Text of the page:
“Women,” says Pope Francis, “should play a greater role in society and the Church.” But what exactly does that mean?
Pope Francis spoke on Saturday, January 25 to the national congress of the Italian Women’s Centre, a Catholic women’s association promoting greater democracy, human rights and human dignity. “I strongly wish,” he said,
“…that (opportunities and responsibilities) may open themselves up further to the presence and participation of women, both in the church as well as in society and the professional sphere.”
This is nothing less than a restatement of his message in his first encyclical, Evangelii Gaudium, in which he wrote,
“I readily acknowledge that many women share pastoral responsibilities with priests, helping to guide people, families and groups and offering new contributions to theological reflection.
“…demands that the legitimate rights of women be respected, based on the firm conviction that men and women are equal in dignity, present the Church with profound and challenging questions which cannot be lightly evaded.
“I readily acknowledge that many women share pastoral responsibilities with priests, helping to guide people, families and groups and offering new contributions to theological reflection.”
And this is good: Pope Francis recognizes that women have much to contribute, and he wants to take full advantage of their special gifts for the Church.
Despite early ruminations that Pope Francis might be the guy to step up and change the Church’s stance on women’s ordination, he has reaffirmed the constant teaching of the Church that Holy Orders is open only to males. “With regards to the ordination of women,” he said, “the Church has spoken and says no. Pope John Paul [II] said so with a formula that was definitive. That door is closed.” (He was referring to Pope John Paul’s 1994 document, Ordinatio Sacerdotalis, which explained that the Church has no authority to ordain women, and this view must be held by all as a definitive belief.)
But the problem, at least in my eyes, is that we’re already there.Apart from sacramental ordination–which is, after all, an anointing for service, not a tribute nor a transference of power–women are already engaged in active service at all levels of the Catholic Church.
I personally know several women who serve as chancellors of dioceses. Women are school principals and university presidents, Catholic hospital CEOs, media directors.
In the liturgy, women serve as lectors, eucharistic ministers, music directors, readers, and cantors; and little girls are already altar servers. Women serve on parish councils and planning committees.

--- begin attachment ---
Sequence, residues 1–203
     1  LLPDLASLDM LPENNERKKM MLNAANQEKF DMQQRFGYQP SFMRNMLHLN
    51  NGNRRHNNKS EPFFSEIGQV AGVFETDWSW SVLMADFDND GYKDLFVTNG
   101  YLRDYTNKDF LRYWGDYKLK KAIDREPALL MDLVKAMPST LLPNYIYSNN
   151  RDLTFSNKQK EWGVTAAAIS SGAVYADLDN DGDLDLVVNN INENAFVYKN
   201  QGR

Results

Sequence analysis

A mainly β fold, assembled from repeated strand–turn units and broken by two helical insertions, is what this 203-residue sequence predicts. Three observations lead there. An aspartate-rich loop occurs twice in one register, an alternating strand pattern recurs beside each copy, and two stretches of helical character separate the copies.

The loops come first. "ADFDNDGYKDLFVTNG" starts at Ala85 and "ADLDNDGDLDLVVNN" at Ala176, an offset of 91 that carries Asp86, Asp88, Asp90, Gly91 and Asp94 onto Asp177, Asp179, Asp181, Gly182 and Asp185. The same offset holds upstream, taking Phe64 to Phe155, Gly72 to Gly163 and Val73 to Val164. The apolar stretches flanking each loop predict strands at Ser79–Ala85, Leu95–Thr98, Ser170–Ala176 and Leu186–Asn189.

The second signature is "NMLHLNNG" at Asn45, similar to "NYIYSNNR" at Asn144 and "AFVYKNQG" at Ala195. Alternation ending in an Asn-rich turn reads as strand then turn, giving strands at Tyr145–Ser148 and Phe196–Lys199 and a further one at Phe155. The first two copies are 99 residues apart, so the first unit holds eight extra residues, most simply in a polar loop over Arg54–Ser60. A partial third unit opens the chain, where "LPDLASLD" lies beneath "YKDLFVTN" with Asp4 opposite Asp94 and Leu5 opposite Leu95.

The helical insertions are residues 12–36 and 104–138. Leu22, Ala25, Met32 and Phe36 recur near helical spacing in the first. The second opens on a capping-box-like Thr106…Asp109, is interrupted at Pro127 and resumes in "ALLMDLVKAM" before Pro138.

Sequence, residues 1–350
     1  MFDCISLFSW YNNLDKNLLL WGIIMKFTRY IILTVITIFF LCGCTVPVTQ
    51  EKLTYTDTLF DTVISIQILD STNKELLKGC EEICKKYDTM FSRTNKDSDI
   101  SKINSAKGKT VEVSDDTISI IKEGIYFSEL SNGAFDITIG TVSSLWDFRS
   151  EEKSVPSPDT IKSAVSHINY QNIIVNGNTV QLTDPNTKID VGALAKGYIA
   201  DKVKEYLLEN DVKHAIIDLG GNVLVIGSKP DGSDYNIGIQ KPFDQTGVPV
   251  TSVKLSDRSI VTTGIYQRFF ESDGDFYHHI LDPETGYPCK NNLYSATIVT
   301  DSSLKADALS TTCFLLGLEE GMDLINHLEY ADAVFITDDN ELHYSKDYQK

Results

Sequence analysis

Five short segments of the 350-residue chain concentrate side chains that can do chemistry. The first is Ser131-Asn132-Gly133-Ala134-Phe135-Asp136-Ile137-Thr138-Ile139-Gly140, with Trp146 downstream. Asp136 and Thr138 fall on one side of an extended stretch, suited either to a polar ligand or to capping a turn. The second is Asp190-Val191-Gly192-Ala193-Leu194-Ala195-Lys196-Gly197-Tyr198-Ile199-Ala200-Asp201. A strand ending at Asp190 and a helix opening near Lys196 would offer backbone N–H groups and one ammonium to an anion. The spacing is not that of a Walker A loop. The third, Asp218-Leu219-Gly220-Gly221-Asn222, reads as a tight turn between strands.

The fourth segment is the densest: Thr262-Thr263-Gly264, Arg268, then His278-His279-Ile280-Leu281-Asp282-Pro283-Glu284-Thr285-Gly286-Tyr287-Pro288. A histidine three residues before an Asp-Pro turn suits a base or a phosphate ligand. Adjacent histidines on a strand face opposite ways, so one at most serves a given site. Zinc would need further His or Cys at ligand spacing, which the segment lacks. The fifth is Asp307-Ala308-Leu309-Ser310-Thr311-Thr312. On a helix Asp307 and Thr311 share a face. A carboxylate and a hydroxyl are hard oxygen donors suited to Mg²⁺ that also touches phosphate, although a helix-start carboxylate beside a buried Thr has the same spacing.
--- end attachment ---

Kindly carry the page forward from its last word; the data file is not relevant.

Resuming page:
Women enter religious life at a rate lower than in the past, but there are thriving, vibrant religious orders which attract talented young women.
Women have been named Doctors of the Church. Women are canonized saints, and their stories told to encourage holiness in women and men today.
In regular life, where most of us spend our days and our careers, women are teachers, daycare moms, and enthusiastic volunteers.
So try as I might, I can’t figure out just what needs to change.
Maybe the governance of the Vatican? Since the Curia is generally served by priests and bishops, there is a preponderance of men in service at the Vatican. But even there, I know of women who serve on Pontifical Councils and in various advisory roles.
Tim Padgett, a self-described “doctrinally dissident Roman Catholic” writing in Time magazine, chastised the Church for “scapegoating women.” What he meant by that, though, was that the Vatican had censured his fellow dissident (and a woman) Sister Margaret Farley for her wide-ranging disagreement with Catholic theology, as expressed in her book Just Love: A Framework for Christian Sexual Ethics. In it, Farley embraced divorce, homosexuality, “nonprocreative” intercourse and masturbation. Rome’s “doctrinal bulldogs” (that’s Tim Padgett’s word, not mine) reminded Farley that those acts are considered disordered, deviant and depraved.
I don’t think Pope Francis meant that the ersatz views of dissident women must be embraced, and the longstanding, gospel-based teaching of the Magisterium must be discarded.
So, what must change? If you want to harp about women priests blah-blah, I’m not interested. If you have other ideas, though, about how women can be drawn into the life of the Church in new ways, can help in the greater mission of evangelization to which we are all called–then I’m all ears.